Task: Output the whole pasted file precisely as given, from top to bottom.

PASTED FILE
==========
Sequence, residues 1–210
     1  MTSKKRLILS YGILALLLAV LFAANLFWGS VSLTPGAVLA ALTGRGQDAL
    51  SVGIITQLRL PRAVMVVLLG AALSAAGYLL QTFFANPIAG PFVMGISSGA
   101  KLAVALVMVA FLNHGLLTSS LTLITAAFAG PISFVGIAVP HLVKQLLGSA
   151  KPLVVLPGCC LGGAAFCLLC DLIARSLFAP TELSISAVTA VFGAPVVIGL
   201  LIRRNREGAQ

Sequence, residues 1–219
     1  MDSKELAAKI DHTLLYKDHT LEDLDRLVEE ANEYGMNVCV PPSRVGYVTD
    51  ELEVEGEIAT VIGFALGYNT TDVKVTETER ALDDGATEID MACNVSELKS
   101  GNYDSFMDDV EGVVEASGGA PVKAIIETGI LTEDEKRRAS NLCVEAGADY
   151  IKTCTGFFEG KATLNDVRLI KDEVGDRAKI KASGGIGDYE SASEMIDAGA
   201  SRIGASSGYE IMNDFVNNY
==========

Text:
Sequence, residues 1–210
     1  MTSKKRLILS YGILALLLAV LFAANLFWGS VSLTPGAVLA ALTGRGQDAL
    51  SVGIITQLRL PRAVMVVLLG AALSAAGYLL QTFFANPIAG PFVMGISSGA
   101  KLAVALVMVA FLNHGLLTSS LTLITAAFAG PISFVGIAVP HLVKQLLGSA
   151  KPLVVLPGCC LGGAAFCLLC DLIARSLFAP TELSISAVTA VFGAPVVIGL
   201  LIRRNREGAQ

Sequence, residues 1–219
     1  MDSKELAAKI DHTLLYKDHT LEDLDRLVEE ANEYGMNVCV PPSRVGYVTD
    51  ELEVEGEIAT VIGFALGYNT TDVKVTETER ALDDGATEID MACNVSELKS
   101  GNYDSFMDDV EGVVEASGGA PVKAIIETGI LTEDEKRRAS NLCVEAGADY
   151  IKTCTGFFEG KATLNDVRLI KDEVGDRAKI KASGGIGDYE SASEMIDAGA
   201  SRIGASSGYE IMNDFVNNY